Illegally obtained evidence is a problem in many drug-related cases. With the ongoing rise of heroin, fentanyl, and other opioid possession and trafficking cases in Connecticut, it’s important to look at how illegally obtained evidence plays a role in these cases.
When you are charged with a crime in Connecticut—or anywhere else in the United States—the prosecutor is required to present enough evidence to prove that you committed the offense beyond a reasonable doubt. However, prosecutors and law enforcement officers cannot simply take any evidence they want at any time and have it be admissible in court. Strict rules govern the lawful collection of evidence, and if police violate them, they also violate your constitutional rights. An experienced defense attorney can use such violations to your benefit in your case.
Your Fourth Amendment Rights
The Fourth Amendment to the U.S. Constitution provides you the right against unreasonable search and seizure. This means that police officers cannot simply come up to you or stop you and demand to search you on the off-chance you may have drugs or other evidence of criminal activity in your possession.
Instead, the law requires that police first obtain search warrant, and doing so requires the officer to show probable cause that you committed a crime. Once a warrant is issued, the officer has the right to perform a search within the scope of the warrant, and any evidence discovered is considered lawful.
In addition, police officers have the right to perform searches in other limited circumstances without first getting a warrant. For example:
- If an officer is making an arrest, he can conduct a search of the arrestee for any possible weapons or dangerous items.
- If an officer is making an arrest at a traffic stop, he can search for any evidence of the crime for which the arrest is being made. This is called a search incident to arrest. He cannot, however, search places in a car solely to look for evidence of other crimes.
- If an officer is lawfully present at a location and evidence of a crime is in plain view, she has the right to seize evidence without a warrant. This is called the plain view doctrine.
Using Constitutional Violations to Exclude Evidence
All too often, officers don’t abide by the rules of lawful search and seizure. A common situation that can lead to drug charges is when:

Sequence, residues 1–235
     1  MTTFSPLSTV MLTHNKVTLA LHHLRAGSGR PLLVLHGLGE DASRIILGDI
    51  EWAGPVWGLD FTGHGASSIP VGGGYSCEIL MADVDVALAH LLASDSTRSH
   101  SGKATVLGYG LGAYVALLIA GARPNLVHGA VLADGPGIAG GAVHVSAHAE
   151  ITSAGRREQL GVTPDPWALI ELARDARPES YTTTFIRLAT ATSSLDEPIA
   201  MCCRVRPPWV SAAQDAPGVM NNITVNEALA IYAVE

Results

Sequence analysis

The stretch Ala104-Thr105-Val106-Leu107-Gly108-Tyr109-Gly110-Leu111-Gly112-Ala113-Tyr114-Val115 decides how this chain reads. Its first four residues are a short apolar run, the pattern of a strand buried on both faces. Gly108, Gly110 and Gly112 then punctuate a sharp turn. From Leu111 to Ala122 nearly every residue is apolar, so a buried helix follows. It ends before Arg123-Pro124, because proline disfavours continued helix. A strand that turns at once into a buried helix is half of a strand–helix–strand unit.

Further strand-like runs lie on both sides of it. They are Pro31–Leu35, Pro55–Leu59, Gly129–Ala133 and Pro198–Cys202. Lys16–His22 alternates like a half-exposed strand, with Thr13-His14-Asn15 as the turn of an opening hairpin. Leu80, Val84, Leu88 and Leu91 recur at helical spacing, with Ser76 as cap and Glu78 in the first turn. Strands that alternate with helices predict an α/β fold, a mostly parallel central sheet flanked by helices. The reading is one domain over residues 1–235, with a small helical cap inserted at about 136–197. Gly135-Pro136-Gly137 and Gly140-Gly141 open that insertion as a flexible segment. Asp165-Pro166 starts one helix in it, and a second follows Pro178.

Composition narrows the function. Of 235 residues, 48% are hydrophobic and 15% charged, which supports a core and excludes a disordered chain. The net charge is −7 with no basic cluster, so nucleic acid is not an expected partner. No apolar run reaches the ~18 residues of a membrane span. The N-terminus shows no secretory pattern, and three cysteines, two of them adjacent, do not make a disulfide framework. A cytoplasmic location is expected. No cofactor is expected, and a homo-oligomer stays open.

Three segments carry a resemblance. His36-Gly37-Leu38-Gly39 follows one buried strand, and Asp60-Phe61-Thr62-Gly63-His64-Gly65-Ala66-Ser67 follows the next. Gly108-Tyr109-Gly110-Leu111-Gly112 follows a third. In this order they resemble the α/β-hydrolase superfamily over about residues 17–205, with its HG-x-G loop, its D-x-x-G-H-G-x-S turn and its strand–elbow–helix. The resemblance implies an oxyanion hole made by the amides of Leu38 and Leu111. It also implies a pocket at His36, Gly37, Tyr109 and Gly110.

- An officer pulls over a car on suspicion of drunk driving
- The officer arrests the driver and places him in the patrol car
- The officer then searches the vehicle and finds heroin tucked above the car visor
- Prosecutors charge the driver with DUI and possession of heroin
In the above case, the driver did not have access to the car, so a search for the officer’s own protection is not warranted. In addition, if the officer was conducting a search incident to arrest, she is limited to search for evidence of DUI, which is what the arrest was for. Evidence of DUI—such as bottles or cans—would not fit above the visor. Therefore, the officer was not lawfully allowed to search there without consent or a warrant.
In the above situation, a defense attorney can recognize that the drug evidence was unlawfully obtained. The attorney could then request that the court deem the drug evidence inadmissible in court because it was unlawfully seized. Without evidence of the actual drugs found, the prosecutor would probably be unable to prove heroin possession and would likely have to drop those charges.
Discuss Your Arrest with Our Highly Qualified New Haven Drug Crime Defense Attorneys
The above scenario is only one of many ways that police unlawfully obtain evidence that is then used by prosecutors. It’s essential that anyone facing drug charges have a defense law firm on their side that can fight to keep unlawful evidence out of court. If you need help after an arrest or criminal charge, please call the experienced criminal defense lawyers at Koffsky & Felsen, LLC at (203) 327-1500 today.